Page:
More often than not, motorists will seek the services of auto mechanics when their vehicle is completely unroadworthy. What they do not bear in mind that they could avoid the inconvenience of their car being out of commission by simply being in tune with its overall health and discerning the symptoms of an underlying problem.
One of the proactive measures that you can take is by keeping an eye out on the colour of your transmission emissions. A vehicle that is in good working condition should emit barely visible exhaust fumes. If you notice that these emissions have turned colour, it is prudent to visit a mechanic before the problem becomes aggravated. So what are your vehicle's exhaust fumes trying to tell you?
White exhaust emissions
In normal circumstances, exhaust fumes will have a pale white appearance. This white colour stems from condensation in the exhaust pipe, and the wisps of smoke should gradually dissipate as you drive. If you find that your car is constantly emitting white smoke, then it would be indicative of a mechanical problem. Typically, excessive emissions of white smoke would come about due to undetected leakage of the engine coolant. As the coolant makes its way into the combustion chamber, it is burned and releases white smoke. The leak could also stem from defunct head gaskets that would need replacement.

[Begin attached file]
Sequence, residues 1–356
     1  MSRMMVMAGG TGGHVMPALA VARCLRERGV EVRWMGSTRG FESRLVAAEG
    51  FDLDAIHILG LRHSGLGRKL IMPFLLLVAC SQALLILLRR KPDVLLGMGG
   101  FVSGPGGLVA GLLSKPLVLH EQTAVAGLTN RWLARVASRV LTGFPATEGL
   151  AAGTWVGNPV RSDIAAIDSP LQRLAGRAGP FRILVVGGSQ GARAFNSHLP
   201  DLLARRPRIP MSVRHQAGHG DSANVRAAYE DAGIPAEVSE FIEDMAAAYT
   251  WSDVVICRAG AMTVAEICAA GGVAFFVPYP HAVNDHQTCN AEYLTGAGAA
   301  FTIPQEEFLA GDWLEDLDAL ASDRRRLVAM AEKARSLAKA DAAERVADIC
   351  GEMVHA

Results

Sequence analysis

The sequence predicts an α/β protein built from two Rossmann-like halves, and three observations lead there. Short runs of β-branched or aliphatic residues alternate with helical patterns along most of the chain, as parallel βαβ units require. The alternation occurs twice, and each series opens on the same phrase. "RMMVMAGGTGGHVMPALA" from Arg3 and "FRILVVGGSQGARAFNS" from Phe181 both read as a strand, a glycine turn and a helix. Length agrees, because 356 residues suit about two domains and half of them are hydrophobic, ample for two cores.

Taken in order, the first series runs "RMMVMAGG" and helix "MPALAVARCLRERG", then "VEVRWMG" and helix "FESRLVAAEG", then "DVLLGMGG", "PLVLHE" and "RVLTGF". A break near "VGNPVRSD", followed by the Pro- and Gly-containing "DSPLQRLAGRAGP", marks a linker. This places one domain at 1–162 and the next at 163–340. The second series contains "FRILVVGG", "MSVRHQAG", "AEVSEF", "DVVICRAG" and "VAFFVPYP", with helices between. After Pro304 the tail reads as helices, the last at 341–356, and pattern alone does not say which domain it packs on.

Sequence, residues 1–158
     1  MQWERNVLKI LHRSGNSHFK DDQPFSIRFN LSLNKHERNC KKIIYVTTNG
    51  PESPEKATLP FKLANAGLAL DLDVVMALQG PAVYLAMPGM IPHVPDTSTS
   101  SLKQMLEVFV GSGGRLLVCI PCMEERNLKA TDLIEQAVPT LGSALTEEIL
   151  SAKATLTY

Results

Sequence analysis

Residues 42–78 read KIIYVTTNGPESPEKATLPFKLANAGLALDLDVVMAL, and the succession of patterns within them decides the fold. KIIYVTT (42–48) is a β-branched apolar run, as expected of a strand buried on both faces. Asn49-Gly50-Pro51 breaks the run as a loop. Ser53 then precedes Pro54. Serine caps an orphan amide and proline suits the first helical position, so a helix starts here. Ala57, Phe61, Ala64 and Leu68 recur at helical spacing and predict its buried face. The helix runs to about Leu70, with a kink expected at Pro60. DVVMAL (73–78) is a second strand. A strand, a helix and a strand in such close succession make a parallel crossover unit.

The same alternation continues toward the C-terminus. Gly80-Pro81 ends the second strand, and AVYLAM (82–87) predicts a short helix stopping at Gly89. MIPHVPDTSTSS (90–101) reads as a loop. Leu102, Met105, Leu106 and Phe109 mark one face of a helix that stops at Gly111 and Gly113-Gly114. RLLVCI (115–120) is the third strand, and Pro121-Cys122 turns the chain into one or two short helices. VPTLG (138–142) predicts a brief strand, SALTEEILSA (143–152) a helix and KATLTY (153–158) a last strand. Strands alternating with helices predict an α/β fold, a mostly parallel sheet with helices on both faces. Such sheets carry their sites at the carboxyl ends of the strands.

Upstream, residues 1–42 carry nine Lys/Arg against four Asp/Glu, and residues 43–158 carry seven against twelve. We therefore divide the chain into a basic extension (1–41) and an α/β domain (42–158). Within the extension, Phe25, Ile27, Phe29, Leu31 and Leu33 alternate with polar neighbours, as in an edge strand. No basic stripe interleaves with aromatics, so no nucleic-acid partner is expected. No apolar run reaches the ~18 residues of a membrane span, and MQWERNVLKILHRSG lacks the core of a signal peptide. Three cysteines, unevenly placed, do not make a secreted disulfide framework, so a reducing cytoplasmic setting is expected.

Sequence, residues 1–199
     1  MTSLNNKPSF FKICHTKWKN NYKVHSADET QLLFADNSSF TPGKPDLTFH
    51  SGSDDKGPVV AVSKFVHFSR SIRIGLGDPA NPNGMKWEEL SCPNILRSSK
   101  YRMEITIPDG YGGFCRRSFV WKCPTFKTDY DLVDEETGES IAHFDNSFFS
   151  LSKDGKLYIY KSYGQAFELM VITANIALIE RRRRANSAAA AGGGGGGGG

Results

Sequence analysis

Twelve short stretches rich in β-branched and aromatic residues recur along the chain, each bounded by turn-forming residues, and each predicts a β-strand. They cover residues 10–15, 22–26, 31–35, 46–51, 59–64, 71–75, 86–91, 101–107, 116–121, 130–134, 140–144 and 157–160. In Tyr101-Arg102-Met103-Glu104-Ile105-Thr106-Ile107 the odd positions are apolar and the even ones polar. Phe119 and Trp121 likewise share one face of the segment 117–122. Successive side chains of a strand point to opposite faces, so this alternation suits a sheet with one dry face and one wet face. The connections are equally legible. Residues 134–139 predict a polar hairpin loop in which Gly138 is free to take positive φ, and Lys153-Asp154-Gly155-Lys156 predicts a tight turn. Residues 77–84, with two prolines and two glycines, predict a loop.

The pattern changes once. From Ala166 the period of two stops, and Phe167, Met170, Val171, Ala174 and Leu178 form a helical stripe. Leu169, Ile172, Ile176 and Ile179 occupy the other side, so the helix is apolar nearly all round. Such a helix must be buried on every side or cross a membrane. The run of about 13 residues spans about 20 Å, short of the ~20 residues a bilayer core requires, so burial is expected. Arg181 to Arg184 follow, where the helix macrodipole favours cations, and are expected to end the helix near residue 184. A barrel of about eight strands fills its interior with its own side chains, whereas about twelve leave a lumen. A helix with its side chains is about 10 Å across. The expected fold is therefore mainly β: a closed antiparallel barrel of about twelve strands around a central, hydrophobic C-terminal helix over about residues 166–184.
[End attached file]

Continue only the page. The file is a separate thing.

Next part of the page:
Blue exhaust emissions
Your car will emit blue exhaust fumes from time to time, as this comes about when engine oil is burned. However, the plumes of smoke should be minimal and should not linger for the entire duration that you are driving. If you realise that your exhaust emissions perpetually have a blue hue, it could mean that engine oil is leaking and becoming burnt up as you drive. Oil leaks come about if the seals in your engine have become compromised. As a result, the oil makes its way to the combustion chamber. If this is not addressed, your engine will gradually receive less engine oil than it requires and this poses the risk of insufficient lubrication. Without proper lubrication, the various components of the engine begin to experience friction, and this could lead to complete engine failure. The subsequent friction will also pose the risk of your engine overheating.
It should be noted that the presence of blue exhaust smoke in diesel engines would be indicative of excessive engine oil, which should also be addressed by an auto mechanic.
Hello, my name is Audry. I would like to offer you all a very warm welcome to my new automotive blog. When I was growing up in the 1960s, my daddy would always try to stop me playing with my brother's toy cars. Times were different then and people believed that little girls should not be interested in greasy engines. When I grew up, I went to college and got a job working for a large Australian bank. However, I didn't lose my passion for automobiles. I still like to hang out at the local auto repair and sales shop and I have learnt a lot during my time there.